• CHECK WASHING:  A check fraud expert uses chemicals to “wash” your check. The result is a blank check with a signature, which he can cash at any time – for any amount.
  • HOT CHECKS: These are legitimate checks that are coming from an account that no longer exists – or simply doesn’t have sufficient funds. Keep in mind, when bad checks are written in your name, this information will show up on your credit report, thereby affecting your financial standing for years – or at least for several months as you attempt to repair the problem.

Cell Phone Fraud

Identity thieves can establish new cellular telephone service in your name or make unauthorized calls that seem to come from, and are billed to, your cellular phone. Others make unauthorized charges by using your calling card and Personal Identification Number (PIN).

Internet Fraud

There are numerous fraudulent scams throughout the vast world of the Internet. One popular scam involves sending emails from fake Internet Service Providers. The email will indicate that your account information needs updating – or that your credit card has expired. ID thieves will immediately take that information and open credit cards in your name.

Internet auction fraud is another growing problem online. According to the Internet Crime Complaint Center, Internet auction fraud made up 71.2% of referred Internet fraud complaints. Non-delivered merchandise and/or payment accounted for 15.8% of complaints. And credit/debit card fraud made up 5.4% of complaints.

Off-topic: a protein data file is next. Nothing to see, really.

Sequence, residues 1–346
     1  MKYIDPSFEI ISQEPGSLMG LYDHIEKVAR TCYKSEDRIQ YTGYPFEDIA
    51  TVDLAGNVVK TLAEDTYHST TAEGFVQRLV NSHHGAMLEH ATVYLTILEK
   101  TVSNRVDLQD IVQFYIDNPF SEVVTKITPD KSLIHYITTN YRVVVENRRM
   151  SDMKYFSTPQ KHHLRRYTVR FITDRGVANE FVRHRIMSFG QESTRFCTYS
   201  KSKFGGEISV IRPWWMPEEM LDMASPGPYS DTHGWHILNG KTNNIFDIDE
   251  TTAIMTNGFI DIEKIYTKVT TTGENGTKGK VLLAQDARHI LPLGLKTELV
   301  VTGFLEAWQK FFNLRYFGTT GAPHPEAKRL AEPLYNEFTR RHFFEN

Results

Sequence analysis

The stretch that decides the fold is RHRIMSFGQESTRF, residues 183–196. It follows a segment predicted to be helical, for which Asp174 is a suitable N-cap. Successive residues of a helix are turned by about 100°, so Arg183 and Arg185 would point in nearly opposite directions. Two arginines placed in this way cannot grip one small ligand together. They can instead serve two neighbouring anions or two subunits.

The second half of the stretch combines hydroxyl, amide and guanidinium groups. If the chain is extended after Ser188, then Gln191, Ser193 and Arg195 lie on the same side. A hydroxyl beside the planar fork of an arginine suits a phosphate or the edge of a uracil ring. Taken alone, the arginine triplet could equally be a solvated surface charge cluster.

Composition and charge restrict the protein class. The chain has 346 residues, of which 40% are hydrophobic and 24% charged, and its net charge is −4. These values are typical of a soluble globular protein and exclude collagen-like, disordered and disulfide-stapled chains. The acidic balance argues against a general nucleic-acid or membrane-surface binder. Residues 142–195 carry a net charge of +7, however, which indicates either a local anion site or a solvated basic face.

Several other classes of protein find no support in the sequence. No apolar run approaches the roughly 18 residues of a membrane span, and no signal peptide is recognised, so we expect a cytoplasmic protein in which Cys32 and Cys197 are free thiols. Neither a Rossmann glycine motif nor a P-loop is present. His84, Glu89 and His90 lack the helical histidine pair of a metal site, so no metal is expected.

Phony Identity Theft Prevention Services

The Federal Trade Commission warns that some companies that claim to be identity theft prevention services are guises for obtaining personal information from you such as your driver’s license number, mother’s maiden name, Social Security number and credit and bank account numbers. Remember, do not give out any personal information over the phone or online unless you are familiar with the business that is asking for it. If you are unsure about a firm, check it out with the Better Business Bureau.

Defend yourself before something happens by employing the services of a credit monitoring and identity theft protection expert. CreditReport.com can help you immediately with their arsenal of Credit Monitoring and ID theft protection services, all for a low monthly fee. Click here to sign up now.

Places of Business

Many fellow employees are responsible for inter-company identity thefts. Surprisingly, a large segment of the identities were stolen not by an employee – but by the owners and managers of many companies or small businesses.